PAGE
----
Television news is not much help either; FOX is a propaganda outlet that still gets treated as a legitimate news operation by the rest of the fourth estate; the remainder tend to spout the common wisdom, such as it is and avoid anything that has the least appearance of partisanship - even if supported by facts. Speak the truth, and disappear from the networks. Charles P. Pierce has a regular weekly summary of the Sunday Talking Head follies of the Courtier Class; this past Sunday was a keeper. His take on the discovery that the right wing media has been engaging in deliberate journalistic malpractice is matched only by his contempt for the regular media that made it possible in the first place.

The huge effort conservatives have put into warping the media machine has paid off. Conservative voices dominate the airwaves; conservative framing shapes the issues; conservative positions get primacy, and alternatives don't even get heard. Digby and Kevin Drum both have takes on Dylan Matthew's report on a study that shows politicians - both liberal and conservative - consistently think their constituents are more conservative than they actually are.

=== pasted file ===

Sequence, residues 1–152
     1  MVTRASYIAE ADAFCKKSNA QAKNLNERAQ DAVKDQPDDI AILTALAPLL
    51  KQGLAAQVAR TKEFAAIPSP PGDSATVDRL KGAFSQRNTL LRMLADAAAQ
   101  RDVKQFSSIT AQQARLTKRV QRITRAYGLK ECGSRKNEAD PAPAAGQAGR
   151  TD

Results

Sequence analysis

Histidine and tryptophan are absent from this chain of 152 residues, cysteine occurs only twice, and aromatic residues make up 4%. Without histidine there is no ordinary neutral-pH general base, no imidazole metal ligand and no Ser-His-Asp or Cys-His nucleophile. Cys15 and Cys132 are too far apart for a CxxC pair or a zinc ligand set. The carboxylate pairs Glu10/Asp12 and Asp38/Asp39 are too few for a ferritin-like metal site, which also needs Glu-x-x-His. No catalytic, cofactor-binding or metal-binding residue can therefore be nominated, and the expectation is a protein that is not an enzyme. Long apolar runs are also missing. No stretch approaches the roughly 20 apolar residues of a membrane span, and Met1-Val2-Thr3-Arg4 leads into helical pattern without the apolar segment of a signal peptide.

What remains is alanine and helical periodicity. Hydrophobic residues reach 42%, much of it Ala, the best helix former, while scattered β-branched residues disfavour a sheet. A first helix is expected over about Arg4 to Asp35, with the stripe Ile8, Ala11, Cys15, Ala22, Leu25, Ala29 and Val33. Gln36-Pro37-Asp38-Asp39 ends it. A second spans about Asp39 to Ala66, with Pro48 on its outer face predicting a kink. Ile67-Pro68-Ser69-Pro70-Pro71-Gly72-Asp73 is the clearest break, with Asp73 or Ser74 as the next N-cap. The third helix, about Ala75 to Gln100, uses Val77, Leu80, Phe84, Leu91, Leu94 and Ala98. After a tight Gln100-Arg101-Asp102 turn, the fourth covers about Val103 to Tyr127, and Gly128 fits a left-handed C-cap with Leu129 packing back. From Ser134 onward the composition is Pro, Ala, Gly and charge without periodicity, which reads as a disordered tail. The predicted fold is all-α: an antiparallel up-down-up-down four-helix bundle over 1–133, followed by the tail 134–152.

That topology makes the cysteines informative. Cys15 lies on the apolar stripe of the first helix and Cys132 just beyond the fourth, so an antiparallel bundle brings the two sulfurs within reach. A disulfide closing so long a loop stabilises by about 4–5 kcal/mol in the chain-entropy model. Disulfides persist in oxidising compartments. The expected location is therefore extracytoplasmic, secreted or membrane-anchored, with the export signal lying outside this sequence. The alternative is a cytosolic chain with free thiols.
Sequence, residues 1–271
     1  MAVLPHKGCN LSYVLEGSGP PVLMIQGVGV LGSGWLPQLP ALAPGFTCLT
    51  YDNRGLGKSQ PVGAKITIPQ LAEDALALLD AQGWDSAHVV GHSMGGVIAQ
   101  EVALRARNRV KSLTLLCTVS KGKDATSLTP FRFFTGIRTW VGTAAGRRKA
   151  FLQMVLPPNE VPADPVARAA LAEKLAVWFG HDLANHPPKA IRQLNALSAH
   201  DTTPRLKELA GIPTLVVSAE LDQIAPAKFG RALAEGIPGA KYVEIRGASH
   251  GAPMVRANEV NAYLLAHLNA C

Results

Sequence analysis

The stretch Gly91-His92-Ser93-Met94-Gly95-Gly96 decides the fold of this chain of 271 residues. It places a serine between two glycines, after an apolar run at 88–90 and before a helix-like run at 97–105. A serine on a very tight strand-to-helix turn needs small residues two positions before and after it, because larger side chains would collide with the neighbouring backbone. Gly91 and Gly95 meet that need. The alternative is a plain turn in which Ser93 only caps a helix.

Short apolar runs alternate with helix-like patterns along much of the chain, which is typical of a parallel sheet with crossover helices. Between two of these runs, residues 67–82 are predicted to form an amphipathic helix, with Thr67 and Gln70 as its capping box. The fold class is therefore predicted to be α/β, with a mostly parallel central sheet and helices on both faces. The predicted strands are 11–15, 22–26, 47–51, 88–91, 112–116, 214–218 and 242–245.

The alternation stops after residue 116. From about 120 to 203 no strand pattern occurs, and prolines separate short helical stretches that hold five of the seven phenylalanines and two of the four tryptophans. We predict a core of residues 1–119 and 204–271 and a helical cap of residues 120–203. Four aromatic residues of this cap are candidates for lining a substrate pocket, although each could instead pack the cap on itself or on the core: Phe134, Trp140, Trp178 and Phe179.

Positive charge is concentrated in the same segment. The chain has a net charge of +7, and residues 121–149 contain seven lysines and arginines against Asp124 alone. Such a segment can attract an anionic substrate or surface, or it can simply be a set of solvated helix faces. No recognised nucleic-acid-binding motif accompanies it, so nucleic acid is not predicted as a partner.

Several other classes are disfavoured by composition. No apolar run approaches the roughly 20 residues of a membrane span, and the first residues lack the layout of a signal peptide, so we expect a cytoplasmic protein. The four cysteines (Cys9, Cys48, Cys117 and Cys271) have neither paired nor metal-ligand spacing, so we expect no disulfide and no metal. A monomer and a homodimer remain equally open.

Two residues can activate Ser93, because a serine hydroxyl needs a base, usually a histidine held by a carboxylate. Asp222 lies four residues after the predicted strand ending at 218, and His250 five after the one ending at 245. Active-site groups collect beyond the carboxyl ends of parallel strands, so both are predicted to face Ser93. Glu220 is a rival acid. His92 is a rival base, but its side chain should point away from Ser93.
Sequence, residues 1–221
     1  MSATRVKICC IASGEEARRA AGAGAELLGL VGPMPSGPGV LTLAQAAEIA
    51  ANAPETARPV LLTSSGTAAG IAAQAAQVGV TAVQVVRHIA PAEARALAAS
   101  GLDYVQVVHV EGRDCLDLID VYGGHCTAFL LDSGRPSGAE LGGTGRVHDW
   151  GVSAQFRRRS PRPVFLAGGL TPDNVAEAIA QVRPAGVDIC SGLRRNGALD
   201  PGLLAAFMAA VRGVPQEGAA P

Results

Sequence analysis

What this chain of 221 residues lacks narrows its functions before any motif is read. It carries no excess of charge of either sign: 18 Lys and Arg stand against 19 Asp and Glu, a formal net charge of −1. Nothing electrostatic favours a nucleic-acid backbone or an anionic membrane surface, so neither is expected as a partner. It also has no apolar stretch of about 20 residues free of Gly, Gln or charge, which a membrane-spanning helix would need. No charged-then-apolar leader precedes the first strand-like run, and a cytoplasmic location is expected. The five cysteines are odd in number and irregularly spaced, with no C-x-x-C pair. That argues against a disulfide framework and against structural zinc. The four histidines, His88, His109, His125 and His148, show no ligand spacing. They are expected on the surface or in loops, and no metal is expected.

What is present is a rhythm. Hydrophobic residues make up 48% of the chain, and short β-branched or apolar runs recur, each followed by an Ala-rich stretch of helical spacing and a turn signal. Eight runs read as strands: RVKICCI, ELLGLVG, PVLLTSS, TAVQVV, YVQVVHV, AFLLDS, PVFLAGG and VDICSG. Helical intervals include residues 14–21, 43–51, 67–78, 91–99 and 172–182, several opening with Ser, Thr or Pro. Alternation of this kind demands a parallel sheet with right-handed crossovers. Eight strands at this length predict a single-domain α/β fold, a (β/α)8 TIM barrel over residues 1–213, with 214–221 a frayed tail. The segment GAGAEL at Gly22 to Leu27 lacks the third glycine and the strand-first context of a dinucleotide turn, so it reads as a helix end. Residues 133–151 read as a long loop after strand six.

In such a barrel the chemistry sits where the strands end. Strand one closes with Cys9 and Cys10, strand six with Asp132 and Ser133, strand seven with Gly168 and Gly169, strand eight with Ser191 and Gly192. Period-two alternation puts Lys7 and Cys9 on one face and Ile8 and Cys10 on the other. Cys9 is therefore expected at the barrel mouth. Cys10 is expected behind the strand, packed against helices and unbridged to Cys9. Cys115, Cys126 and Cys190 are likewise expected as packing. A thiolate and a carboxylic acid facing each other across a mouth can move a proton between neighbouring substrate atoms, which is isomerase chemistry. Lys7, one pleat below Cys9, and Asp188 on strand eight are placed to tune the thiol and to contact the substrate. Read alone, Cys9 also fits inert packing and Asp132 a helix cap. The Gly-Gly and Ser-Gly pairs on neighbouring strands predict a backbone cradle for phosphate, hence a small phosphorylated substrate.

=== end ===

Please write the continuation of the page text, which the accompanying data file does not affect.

So much for liberal media bias. Conservative spin is pretty much the common wisdom. Corporate owned media has no incentive to upset their owners after all, or the Very Serious People who tell them what is allowable to say. The end result is a growing class of professional courtiers whose rank and income depends on making sure they don't run afoul of the high SDO's who own them, who dictate what views are acceptable, who can deny access if offended, and who throw all the best parties. A symbiosis develops that is toxic to democracy and the free flow of information.

And thus even the supposed opposition party keeps seeking accommodation and compromise in exchange for...nothing. Meanwhile the vast majority of Americans are badly served, misinformed, and denied a voice. Digby and Atkins go into it here, here, and here. This is how high SDO types operate, by manipulating people - and controlling information is one of their major tools. That's why Republican party efforts to reinvent themselves after the 2012 defeats are all about coming up with new marketing strategies, not changing any of their fundamental beliefs.